Paul was part of an early Christian world in which some Church leaders were women. Opponents believe he forbade women to exercise power in church.
As an authority on life in the earliest Christian communities, Paul is unsurpassed. He was a key figure in the first Churches spreading outside the Holy Land.
His letters to early Christians were reverently collected to form a major part of the New Testament - though they are preoccupied with local disputes and organisational matters and often angry.
Paul often affirmed the ministry of women despite the gender prejudices of his culture. With a few exceptions (some women philosophers), advanced education was a male domain. Because most people in Mediterranean antiquity were functionally illiterate, those who could read and speak well generally assumed teaching roles, and–with rare exceptions–these were men.7 In the first centuries of our era, most Jewish men–like Philo, Josephus, and many later rabbis–reflected the prejudice of much of the broader Greco-Roman culture.8
Women’s roles varied from one region to another, but Paul’s writings clearly rank him among the more progressive, not the more chauvinistic, writers of his day. Many of Paul’s colaborers in the gospel were women.
Paul commended the ministry of a woman who brought his letter to the Roman Christians (Romans 16:1,2). Phoebe was a servant of the church at Cenchrea. "Servant" may refer to a deacon, a term that sometimes designated administrative responsibility in the Early Church. In his epistles, however, Paul most frequently applied the term to any minister of God’s Word, including himself (1 Corinthians 3:5; 2 Corinthians 3:6; 6:4; Ephesians 3:7; 6:21). He also called Phoebe a "succorer" or "helper" of many (Romans 16:2); this term technically designated her as the church’s patron or sponsor, most likely the owner of the home in which the church at Cenchrea was meeting. This entitled her to a position of honor in the church.9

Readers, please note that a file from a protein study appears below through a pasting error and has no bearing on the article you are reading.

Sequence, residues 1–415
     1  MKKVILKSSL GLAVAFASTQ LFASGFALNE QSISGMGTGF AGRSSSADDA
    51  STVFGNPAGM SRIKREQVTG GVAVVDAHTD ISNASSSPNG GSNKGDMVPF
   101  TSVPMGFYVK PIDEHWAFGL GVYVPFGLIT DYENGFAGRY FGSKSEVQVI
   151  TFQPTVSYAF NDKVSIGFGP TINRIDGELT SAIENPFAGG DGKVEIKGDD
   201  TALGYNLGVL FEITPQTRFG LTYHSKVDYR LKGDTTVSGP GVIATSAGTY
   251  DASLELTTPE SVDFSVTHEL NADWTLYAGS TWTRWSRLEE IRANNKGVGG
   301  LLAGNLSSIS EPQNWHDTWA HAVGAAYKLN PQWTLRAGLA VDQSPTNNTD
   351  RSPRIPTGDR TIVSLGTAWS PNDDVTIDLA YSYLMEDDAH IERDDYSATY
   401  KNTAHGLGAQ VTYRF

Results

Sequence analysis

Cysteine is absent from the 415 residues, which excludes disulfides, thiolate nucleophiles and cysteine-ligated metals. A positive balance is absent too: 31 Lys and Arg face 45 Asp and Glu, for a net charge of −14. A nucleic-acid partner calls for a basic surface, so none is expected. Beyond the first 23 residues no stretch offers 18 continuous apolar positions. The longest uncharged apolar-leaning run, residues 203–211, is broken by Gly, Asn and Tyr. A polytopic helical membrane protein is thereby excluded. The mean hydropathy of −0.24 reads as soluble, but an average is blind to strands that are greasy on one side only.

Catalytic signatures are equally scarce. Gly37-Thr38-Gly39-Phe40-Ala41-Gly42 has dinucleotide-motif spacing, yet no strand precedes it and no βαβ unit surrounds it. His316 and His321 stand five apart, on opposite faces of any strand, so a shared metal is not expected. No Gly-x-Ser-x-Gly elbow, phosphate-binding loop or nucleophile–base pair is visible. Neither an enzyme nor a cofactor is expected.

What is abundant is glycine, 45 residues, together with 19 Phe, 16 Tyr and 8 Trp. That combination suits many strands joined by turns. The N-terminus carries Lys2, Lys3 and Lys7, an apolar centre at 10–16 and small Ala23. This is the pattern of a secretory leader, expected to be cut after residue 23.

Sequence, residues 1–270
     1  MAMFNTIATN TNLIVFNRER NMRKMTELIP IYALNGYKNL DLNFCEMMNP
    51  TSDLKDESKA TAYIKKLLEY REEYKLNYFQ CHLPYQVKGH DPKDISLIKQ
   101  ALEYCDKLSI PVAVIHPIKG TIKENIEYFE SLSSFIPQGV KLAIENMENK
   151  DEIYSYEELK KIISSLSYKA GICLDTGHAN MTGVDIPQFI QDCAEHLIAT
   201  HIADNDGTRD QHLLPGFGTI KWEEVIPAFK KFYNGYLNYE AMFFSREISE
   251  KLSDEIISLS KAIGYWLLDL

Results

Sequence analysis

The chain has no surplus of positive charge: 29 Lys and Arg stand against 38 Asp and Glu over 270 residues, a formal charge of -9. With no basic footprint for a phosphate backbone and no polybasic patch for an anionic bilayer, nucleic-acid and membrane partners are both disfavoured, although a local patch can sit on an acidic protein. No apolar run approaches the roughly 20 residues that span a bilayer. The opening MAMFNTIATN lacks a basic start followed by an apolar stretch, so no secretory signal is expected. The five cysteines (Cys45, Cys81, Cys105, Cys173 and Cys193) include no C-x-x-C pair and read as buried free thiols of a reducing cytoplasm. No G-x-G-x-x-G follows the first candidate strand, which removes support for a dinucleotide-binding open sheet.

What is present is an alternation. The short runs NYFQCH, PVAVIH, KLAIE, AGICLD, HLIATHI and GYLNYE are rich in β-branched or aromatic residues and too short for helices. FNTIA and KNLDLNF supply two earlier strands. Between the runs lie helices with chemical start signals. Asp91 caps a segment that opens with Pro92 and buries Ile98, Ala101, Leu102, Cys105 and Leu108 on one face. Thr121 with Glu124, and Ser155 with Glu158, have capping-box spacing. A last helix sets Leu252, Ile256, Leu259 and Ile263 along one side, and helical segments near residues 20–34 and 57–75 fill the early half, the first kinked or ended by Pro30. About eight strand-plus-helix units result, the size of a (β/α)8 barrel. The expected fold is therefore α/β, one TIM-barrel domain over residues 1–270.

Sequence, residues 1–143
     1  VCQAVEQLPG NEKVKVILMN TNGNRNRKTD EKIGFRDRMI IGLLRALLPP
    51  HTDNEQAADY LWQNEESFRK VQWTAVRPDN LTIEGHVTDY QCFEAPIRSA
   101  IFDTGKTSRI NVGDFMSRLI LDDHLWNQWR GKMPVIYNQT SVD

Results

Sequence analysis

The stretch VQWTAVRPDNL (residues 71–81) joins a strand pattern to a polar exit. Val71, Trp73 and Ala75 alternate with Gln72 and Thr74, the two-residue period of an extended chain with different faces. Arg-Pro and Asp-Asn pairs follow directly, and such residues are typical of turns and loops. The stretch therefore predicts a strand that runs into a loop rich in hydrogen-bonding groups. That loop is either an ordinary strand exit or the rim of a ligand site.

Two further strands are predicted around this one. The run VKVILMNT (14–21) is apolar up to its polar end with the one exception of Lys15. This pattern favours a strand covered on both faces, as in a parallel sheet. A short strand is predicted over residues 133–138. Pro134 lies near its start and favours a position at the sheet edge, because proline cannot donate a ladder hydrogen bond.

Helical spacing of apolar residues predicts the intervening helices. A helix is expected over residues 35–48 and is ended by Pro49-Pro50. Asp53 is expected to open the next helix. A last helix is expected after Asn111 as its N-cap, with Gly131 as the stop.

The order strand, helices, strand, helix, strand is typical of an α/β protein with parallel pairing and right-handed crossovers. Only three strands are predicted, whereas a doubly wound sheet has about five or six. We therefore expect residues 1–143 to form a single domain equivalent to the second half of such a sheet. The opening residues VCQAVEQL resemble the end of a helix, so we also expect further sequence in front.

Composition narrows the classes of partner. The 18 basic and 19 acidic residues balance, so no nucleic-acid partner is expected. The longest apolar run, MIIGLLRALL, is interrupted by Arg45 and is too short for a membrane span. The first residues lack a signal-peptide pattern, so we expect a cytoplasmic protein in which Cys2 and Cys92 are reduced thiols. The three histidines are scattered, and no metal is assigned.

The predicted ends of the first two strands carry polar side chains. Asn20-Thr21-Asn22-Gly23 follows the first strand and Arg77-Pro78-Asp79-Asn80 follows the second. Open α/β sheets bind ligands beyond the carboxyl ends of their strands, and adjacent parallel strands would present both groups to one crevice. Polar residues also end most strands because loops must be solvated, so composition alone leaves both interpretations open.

Phoebe was not the only influential woman in the church. Whereas Paul greeted about twice as many men as women in Romans 16, he commended the ministries of about twice as many women as men in that list. (Some use the predominance of male ministers in the Bible against women in ministry, but that argument could work against men’s ministry in this passage.) These commendations may indicate his sensitivity to the opposition women undoubtedly faced for their ministry and are remarkable, given the prejudice against women’s ministry that existed in Paul’s culture.
If Paul followed ancient custom when he praised Priscilla, he may have mentioned her before her husband Aquila because of her higher status (Romans 16:3,4). Elsewhere we learn that she and her husband taught Scripture to another minister, Apollos (Acts 18:26). Paul also listed two fellow apostles, Andronicus and Junia (Romans 16:7). Although Junia is clearly a feminine name, writers opposed to the possibility that Paul could have referred to a female apostle,10 suggest that Junia is a contraction for the masculine Junianus. This contraction, however, never occurs, and more recently has been shown to be grammatically impossible for a Latin name like Junia. This suggestion rests not on the text itself, but entirely on the presupposition that a woman could not be an apostle.